The SUV will soon be dead, claims Citroën boss

DW Burnett

The days of hefty Sports Utility Vehicles are numbered, according to the CEO of Citroën Vincent Cobée. The French car boss believes that demands of electrification and a shift in public opinion will lead to the demise of the large crossovers which currently dominate the car market.

In an interview with the U.K.’s Auto Express Cobée claimed, succinctly, “The world of SUVs is done.”

While admitting that sales figures right now show the exact opposite, Cobée said that in the quest for ever-more efficient EVs the basic design design principles of tall, heavy crossovers are simply incompatible. Citing aerodynamics as being of huge significance he said, “On a battery EV, if your aerodynamics are wrong, the penalty in terms of range is massive. You can lose 50km (31 miles)  between good and bad aero, and between an SUV and a sedan you’re talking 60/70/80 km very easily.”

Another key factor will be weight, he added. Heavy cars don’t just require more energy to move, they’re likely to incur cost penalties. In Citroën’s home country of France vehicles are already taxed according to weight, so adding more and more batteries to compensate for a bigger vehicle’s needs won’t be the answer. Cobée bemoaned the massive increase in mass that’s come with bigger cars and electrification.  “In the 1970s, a car was weighing 700kg (1543 lbs) . Today an average car is weighing 1300kg (2866 lbs). Tomorrow an average car will weigh two tonnes (4409 lbs). So we’re using three times more resources to deliver the same service, just to be ‘green’.”

Citroën’s plan to is pursue a lightweight approach, as demonstrated by the Oli concept car, which uses innovative materials including cardboard to keep its mass to a minimum, allowing it to carry a relatively small 40kWh battery, yet still achieve a driving range of almost 250 miles.

Finally, Cobée believes that the public will actually turn against SUVS. “People will start limiting weight and battery sizes, either through tax, through incentives, through regulation, through naming and shaming. If you live in a big city, five years ago if you drop off your kids with a big SUV you’re a man. Now, if you do this, you’re a ‘terrorist’…”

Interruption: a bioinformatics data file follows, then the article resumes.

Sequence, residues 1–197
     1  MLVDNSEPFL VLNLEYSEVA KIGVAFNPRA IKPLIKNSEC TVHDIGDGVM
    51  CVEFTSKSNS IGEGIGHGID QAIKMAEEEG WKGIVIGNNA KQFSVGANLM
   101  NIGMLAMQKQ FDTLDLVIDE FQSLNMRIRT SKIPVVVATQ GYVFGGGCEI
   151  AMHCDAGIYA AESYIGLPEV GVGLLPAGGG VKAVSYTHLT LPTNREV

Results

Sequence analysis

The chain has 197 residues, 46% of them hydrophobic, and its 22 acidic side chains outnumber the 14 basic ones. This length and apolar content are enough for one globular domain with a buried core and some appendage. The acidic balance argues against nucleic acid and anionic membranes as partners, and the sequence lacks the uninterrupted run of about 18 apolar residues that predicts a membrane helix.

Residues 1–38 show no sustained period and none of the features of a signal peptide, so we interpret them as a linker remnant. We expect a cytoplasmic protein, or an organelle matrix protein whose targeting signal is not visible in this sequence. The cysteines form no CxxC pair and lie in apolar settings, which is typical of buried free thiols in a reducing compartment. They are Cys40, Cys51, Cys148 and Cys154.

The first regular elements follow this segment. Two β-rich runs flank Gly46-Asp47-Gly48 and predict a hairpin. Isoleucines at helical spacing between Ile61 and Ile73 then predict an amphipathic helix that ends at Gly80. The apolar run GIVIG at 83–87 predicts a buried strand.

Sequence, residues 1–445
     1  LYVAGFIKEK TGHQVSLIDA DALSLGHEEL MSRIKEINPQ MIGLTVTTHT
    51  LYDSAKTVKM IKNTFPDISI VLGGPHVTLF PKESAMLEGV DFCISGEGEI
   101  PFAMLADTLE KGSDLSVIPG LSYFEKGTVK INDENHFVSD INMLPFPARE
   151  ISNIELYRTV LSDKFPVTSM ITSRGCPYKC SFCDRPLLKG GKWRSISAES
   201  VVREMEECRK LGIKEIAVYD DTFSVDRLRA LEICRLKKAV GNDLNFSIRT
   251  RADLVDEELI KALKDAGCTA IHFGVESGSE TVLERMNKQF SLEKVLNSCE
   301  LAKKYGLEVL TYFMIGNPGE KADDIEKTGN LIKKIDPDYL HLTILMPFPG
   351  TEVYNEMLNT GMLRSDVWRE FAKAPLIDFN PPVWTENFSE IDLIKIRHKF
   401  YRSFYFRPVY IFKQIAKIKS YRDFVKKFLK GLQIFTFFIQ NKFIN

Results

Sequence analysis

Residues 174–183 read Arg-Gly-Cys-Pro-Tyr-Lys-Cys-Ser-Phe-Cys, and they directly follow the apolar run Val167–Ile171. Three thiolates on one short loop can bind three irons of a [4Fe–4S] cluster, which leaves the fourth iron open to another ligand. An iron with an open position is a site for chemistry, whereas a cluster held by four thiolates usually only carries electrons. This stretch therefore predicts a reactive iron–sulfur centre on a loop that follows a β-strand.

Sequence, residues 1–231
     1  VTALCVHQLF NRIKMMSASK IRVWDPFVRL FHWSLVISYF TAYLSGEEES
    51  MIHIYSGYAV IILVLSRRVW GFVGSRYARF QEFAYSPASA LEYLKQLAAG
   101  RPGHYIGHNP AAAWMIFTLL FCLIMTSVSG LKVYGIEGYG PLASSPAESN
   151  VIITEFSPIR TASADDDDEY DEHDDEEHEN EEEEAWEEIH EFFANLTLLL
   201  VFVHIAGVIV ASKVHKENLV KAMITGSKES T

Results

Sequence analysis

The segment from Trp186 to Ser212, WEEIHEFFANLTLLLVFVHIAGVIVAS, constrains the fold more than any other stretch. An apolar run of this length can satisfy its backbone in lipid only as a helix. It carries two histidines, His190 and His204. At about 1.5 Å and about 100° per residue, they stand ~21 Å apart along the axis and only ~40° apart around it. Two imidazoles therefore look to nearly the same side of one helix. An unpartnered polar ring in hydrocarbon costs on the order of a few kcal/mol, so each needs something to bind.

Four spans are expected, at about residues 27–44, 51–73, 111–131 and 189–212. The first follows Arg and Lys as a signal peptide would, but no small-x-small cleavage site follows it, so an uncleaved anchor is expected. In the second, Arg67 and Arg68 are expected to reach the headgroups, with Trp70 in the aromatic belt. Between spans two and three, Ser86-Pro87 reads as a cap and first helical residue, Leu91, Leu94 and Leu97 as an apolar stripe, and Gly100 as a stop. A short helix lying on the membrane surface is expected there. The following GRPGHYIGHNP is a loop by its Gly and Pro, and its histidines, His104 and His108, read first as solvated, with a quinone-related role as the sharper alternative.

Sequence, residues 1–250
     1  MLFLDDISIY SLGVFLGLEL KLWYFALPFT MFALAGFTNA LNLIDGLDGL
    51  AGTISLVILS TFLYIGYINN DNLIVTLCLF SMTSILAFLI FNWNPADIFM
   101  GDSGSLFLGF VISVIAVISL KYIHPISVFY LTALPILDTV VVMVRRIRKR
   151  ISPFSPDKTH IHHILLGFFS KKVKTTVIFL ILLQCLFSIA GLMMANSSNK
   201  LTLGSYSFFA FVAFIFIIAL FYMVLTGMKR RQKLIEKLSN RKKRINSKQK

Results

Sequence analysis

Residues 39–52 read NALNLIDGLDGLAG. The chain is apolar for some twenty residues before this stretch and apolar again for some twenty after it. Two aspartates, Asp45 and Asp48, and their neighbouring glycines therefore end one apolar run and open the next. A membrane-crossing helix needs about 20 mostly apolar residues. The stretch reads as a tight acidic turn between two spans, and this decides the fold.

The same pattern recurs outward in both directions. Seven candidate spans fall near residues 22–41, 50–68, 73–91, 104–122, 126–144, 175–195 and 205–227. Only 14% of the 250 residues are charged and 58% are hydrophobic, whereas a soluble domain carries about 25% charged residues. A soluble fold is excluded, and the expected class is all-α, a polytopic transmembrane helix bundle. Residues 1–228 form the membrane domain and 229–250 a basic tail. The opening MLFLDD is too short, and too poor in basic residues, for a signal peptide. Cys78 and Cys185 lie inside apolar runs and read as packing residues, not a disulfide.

Do you think he’s correct and will you miss the SUV when it’s gone? Let us know in the comments.

Click below for more about
Read next Up next: Professor Siegel’s Guide to Selling a Car

Comments

    It’s a logical argument from the Euro perspective.

    North America has always preferred larger cars, which became more extreme in the 1950s and has never looked back. 2nd cars, city cars and the kid’s car were the compact (big by Euro standards), sub compact, etc. and we have never really taken to micro or kei cars here (if even legal).

    Fad mentality turned the 4-door Impala sedan into an F150 crew cab, big Cadillacs remain a thing for the wealthier elite.

    Giant EVs will wear out tires faster too, increasing that form of pollution. That will get talked about more after 2030-35.

    Costs could go way down if international standards for vehicles between Europe and NA (the stricter rules places to my understanding, just not all the same rules) were made the same. California will likely adopt the weight penalty system after a large % of the fleet is EV.

    Whether consumer tastes give up SUV sooner remains to be seen. I guess if Toyota Crowns sell like 65 Impalas we have our answer…

    So says the French.

    They may not be popular in Europe but Americans have differenct likes and circumstances they drive in.

    We have larger roads and more parking. We have the ideal size of a vehicle that has not changed since the 1940 Sedan. Just look our cars had that size foot print and today most CUV and SUV have similar size foot prints.

    We are not one world and out likes and needs here are much different than say Paris.

    The greatest issue with small models is utility and Americans have always had utility in their vehicles till the started to shrink.

    My Father used to have a new Chevelle every year but he never owned a truck. His sedan was a truck hauling ply wood on the roof and all sorts of things in the larger trunk. He made it work like most Americans back then. The roofs were strong enough to haul a load and not damage them.

    Today most small cars have a hard time hauling much.

    We just got a new dog. We needed a new Kennel crate and even though it comes apart it would never have fit in my sedans trunk opening. But in my SUV it fit perfect as we went several hours away to pick up our new dog.

    I have even picked up engine blocks in my wife’s Acadia.

    They will find ways to supply us with the vehicles we want and needs.

    We can only hope. The addiction to the suv is idiotic and the complete opposite of what a modern car should be. It irritates me no end that people think it’s normal and logical to “need” a 2000kg car to transport 4kg of child.

    I completely agree, but as North Americans become more sedentary and more ‘super-sized’ the demand for hideous, over-sized vehicles will continue.

    Same goes for Pickup Trucks about one third of Pickups are absolutely Needed to keep our World moving along the other 2 thirds usually carry one old Guy and aBaseball Cap from place to Place( Its somewhat of a irrepressable North American Cult)